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TELLING IT LIKE IT IS : THE PRESSURE OF DEVELOPMEN...

TELLING IT LIKE IT IS : THE PRESSURE OF DEVELOPMENTAL STAGES

developmental stages

Alexandra Hunter discusses the pressure of developmental stages and how best to cope with it

The pressure of developmental stages

I don’t know about you, but as a first-time mama I frantically read books about babies, what they should be doing and when, what I should be doing and when and how I could encourage Seb to do the things he was ‘supposed’ to be doing at the right time. For the first few months as a new parent you’re in a perpetual state of exhaustion and any ‘advice’ is gladly received, although hindsight is of course a wonderful thing. We put ourselves under so much pressure as parents. I remember so many NCT coffee conversations with the girls in the early days, a thinly veiled slightly competitive tone always lurking behind the smiles. ‘Has he lifted his head yet? Is Matilda rolling over? Leo is running, how is Seb getting on?’ We were all desperate for our children to do whatever the others in the group were doing.

I stupidly felt if Seb wasn’t doing something other babies were, at the same time, then it was somehow my fault. Seb hated tummy-time, absolutely hated it. I’m entirely convinced the only reason he learned to roll over was in order to avoid having to do tummy-time. Everyone else’s babies were spending at least the suggested 30 minutes on their fronts, but Sebby would cry on his front and was infinitely happier on his back. I knew tummy-time was important for crawling, so I tried, making us both miserable. My ex tried even harder and for far longer than me, frantically moving Seb’s back legs for him in an attempt to encourage crawling. Looking back there was something almost comical about the battle of wills. Needless to say he didn’t crawl. He just sat for 13 months while other babies were causing havoc on the stairs and with bookshelves, then inevitably he suddenly just got up and walked. He’s never looked back and at soft play he happily tears through the other toddlers like a ball through skittles. There’s no stopping him now; occasionally when I’m exhausted I wish there was.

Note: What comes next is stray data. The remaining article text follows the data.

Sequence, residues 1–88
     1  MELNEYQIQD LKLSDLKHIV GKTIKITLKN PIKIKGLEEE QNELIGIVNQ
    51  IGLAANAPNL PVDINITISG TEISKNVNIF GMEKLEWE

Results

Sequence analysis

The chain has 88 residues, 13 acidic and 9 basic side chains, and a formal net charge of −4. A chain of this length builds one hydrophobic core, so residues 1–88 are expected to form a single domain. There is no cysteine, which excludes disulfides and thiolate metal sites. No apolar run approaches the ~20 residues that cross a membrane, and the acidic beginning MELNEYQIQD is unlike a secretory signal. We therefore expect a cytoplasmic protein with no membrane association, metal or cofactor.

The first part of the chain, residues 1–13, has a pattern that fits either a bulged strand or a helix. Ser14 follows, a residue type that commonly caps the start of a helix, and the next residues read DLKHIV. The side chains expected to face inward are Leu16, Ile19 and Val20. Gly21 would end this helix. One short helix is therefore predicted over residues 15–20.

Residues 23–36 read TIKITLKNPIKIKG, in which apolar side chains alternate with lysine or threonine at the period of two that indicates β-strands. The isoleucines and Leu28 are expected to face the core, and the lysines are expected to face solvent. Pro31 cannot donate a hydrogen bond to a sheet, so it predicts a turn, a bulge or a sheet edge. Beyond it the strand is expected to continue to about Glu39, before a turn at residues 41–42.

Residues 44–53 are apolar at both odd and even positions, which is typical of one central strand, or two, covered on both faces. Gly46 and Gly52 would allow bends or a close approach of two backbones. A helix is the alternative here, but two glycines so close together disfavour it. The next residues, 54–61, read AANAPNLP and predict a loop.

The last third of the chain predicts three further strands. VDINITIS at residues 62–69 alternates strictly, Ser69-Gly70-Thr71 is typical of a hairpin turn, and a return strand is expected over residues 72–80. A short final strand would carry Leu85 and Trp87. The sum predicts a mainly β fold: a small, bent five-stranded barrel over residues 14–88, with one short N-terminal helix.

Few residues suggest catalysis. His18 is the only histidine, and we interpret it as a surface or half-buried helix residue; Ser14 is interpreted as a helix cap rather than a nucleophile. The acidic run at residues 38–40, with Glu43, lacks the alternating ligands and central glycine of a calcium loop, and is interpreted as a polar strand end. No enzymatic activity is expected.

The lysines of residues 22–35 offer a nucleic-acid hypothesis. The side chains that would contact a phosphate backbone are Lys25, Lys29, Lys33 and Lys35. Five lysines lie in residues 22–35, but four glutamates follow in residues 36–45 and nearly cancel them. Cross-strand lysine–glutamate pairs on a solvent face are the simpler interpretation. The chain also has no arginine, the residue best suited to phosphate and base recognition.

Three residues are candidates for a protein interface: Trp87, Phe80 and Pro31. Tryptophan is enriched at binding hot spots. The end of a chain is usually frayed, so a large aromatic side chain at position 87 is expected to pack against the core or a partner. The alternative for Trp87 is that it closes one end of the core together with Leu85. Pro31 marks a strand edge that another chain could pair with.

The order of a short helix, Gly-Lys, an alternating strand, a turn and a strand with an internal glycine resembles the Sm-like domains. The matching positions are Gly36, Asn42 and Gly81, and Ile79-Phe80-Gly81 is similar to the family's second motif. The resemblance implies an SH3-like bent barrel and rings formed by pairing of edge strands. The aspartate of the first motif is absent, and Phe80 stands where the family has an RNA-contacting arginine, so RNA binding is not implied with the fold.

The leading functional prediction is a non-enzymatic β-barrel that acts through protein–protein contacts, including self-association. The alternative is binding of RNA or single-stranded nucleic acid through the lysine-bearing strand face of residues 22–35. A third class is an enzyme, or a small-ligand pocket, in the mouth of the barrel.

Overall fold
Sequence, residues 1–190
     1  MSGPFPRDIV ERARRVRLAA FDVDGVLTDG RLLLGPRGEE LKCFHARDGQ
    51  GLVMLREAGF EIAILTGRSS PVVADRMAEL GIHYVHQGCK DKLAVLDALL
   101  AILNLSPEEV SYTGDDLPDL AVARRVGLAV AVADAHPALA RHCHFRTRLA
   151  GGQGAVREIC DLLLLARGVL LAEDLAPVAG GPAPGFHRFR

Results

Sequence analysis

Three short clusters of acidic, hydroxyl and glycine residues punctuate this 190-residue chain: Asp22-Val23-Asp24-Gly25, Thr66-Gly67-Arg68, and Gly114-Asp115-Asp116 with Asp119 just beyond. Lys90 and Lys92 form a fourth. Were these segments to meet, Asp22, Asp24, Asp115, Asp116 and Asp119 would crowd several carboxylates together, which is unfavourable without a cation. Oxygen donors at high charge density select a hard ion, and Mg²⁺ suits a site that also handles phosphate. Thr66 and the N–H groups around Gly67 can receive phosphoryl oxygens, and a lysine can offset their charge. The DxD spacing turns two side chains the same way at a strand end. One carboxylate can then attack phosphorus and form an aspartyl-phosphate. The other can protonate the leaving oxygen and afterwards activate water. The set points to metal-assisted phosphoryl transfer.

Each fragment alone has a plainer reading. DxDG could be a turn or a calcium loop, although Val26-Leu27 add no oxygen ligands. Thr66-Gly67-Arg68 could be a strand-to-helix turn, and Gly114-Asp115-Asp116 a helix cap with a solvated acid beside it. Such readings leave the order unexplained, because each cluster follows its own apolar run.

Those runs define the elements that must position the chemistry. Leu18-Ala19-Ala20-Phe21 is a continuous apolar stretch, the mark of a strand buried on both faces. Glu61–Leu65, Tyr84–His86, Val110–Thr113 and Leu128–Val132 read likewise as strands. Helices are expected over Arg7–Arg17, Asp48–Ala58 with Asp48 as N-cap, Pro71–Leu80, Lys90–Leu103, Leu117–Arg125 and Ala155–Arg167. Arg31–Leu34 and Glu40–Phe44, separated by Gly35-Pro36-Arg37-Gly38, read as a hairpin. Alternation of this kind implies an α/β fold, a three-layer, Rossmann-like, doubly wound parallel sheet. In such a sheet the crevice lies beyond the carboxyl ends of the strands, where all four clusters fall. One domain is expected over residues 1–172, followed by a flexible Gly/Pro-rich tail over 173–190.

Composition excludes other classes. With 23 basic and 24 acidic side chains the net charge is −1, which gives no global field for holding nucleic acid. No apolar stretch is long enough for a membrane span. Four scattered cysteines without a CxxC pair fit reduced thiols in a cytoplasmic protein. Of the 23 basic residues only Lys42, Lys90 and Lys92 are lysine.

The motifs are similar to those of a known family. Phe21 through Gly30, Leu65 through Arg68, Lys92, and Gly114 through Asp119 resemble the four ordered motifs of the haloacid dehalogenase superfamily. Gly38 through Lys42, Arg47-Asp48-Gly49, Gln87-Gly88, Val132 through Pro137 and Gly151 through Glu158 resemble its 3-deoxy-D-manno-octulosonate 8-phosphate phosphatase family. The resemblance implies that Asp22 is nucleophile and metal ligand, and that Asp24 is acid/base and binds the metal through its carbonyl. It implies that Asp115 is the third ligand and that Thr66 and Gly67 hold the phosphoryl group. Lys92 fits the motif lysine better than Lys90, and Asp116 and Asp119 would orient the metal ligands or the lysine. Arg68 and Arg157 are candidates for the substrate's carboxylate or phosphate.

Take the pressure off, don’t pile it on

Where Sebby was a little later walking than some friends’ children, he started talking very early and friends whose children hadn’t got anxious in the same way I had. What had I done to encourage speech? What should they be doing? It’s just ridiculous that we are conditioned to compare what our children can do, when. It’s hard enough ensuring they’re smiling, clothed, fed and watered at times, let alone worrying about what they will do naturally, given time. I promise they will all eventually be talking, walking and out of nappies! I have spent today teaching thirty Year 1 children, all aged six, at a primary school. Needless to say all of these children are at roughly the same developmental stage. They’re all chattering away, running in the playground and they all have their own unique talents and interests. None of them are exactly the same, some find certain things easier than others, but we as adults are the same. We need to try and take pressure off ourselves as parents, not pile it on. Next time you’re worrying, look at your beautiful tiny and be in awe that you created them and that they’re healthy. And if they’re not crawling yet, enjoy the peace!

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